A Radical Intermediate in the Conversion of Pentachlorophenol to Tetrachlorohydroquinone by Sphingobium chlorophenolicum
journal contributionposted on 17.12.2015, 05:21 by Johannes Rudolph, Annette H. Erbse, Linda S. Behlen, Shelley D. Copley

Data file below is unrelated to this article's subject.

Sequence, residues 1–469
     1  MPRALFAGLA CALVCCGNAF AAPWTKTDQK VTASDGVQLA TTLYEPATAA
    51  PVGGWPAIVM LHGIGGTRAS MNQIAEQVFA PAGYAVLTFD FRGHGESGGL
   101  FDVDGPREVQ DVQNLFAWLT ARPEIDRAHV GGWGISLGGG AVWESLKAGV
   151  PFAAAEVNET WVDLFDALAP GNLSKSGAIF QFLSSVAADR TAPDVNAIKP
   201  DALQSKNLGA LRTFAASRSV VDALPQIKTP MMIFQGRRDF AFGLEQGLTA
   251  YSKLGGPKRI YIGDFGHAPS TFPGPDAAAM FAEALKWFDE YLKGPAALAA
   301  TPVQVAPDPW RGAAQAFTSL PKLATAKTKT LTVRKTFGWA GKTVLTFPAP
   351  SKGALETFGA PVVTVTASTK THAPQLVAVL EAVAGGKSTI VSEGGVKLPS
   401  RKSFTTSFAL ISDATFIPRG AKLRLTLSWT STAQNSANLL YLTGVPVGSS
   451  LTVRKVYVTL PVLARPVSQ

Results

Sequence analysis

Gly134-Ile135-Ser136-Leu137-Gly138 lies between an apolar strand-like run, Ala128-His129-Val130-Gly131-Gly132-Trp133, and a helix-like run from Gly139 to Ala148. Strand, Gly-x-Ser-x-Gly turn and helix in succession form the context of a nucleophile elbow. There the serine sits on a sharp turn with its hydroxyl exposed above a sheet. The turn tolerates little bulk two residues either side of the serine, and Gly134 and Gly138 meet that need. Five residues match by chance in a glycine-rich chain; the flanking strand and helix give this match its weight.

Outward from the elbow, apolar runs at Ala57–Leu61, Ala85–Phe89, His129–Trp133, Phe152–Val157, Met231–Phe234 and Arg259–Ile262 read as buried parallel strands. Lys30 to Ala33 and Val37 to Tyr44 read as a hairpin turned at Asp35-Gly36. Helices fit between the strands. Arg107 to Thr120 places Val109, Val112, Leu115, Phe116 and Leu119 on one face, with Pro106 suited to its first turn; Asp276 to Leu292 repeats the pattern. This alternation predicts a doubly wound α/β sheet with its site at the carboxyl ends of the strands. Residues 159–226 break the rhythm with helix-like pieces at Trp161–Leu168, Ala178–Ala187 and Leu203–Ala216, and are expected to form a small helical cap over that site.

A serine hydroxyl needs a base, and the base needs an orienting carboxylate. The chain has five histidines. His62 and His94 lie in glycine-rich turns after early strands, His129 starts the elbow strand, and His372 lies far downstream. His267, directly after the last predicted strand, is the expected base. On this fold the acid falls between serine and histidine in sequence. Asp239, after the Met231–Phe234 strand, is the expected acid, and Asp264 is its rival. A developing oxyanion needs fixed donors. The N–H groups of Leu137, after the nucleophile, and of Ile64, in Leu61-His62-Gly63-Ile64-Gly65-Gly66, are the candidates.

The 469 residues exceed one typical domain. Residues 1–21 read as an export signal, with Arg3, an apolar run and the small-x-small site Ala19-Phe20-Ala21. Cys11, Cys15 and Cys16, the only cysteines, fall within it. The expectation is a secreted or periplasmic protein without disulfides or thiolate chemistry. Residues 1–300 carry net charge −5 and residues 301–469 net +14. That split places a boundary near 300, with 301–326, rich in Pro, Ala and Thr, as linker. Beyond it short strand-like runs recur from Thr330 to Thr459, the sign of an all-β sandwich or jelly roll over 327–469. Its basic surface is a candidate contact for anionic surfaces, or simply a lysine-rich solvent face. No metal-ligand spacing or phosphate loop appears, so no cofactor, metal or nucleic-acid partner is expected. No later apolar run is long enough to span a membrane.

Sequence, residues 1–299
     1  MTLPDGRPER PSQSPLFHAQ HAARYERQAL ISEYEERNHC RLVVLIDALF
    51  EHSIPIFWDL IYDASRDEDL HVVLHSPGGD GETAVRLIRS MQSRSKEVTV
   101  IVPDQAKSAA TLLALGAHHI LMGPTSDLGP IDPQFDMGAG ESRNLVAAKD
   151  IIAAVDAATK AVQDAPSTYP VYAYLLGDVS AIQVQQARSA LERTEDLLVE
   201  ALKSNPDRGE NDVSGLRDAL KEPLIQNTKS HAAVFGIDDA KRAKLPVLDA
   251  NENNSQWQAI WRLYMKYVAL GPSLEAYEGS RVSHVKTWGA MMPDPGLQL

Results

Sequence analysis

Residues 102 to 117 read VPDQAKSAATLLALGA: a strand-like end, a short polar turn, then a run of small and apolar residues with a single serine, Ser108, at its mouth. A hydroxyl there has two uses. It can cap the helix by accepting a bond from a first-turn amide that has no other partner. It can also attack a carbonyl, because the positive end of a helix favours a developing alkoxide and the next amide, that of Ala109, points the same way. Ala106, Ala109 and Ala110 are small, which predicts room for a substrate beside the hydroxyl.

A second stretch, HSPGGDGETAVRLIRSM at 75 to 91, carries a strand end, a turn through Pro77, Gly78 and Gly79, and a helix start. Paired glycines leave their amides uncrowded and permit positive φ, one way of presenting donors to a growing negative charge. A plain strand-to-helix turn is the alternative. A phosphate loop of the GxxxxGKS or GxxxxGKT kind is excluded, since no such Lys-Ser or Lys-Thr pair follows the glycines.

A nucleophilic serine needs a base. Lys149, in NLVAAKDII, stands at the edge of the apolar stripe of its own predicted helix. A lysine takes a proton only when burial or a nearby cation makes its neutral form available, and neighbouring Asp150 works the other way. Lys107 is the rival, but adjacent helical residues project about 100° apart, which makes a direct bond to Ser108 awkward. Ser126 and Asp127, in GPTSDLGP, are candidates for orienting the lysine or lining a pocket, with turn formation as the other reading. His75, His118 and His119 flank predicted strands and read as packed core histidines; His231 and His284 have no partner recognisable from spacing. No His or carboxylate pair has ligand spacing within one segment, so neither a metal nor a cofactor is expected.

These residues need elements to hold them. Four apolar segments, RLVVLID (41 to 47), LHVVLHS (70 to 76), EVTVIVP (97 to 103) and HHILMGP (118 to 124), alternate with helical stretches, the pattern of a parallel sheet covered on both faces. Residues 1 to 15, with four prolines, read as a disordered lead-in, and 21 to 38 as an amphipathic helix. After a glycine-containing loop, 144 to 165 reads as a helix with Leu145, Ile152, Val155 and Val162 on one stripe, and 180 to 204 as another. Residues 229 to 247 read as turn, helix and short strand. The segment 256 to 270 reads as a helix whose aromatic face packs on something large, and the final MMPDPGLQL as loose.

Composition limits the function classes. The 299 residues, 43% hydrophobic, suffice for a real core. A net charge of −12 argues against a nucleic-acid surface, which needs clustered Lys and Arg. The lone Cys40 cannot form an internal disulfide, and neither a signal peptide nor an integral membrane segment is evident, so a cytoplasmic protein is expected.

Pentachlorophenol (PCP) hydroxylase, the first enzyme in the pathway for degradation of PCP in Sphingobium chlorophenolicum, is an unusually slow flavin-dependent monooxygenase (kcat = 0.02 s–1) that converts PCP to a highly reactive product, tetrachlorobenzoquinone (TCBQ). Using stopped-flow spectroscopy, we have shown that the steps up to and including formation of TCBQ are rapid (5–30 s–1). Before products can be released from the active site, the strongly oxidizing TCBQ abstracts an electron from a donor at the active site, possibly a cysteine residue, resulting in an off-pathway diradical state that only slowly reverts to an intermediate capable of completing the catalytic cycle. TCBQ reductase, the second enzyme in the PCP degradation pathway, rescues this nonproductive complex via two fast sequential one-electron transfers. These studies demonstrate how adoption of an ancestral catalytic strategy for conversion of a substrate with different steric and electronic properties can lead to subtle yet (literally) radical changes in enzymatic reaction mechanisms.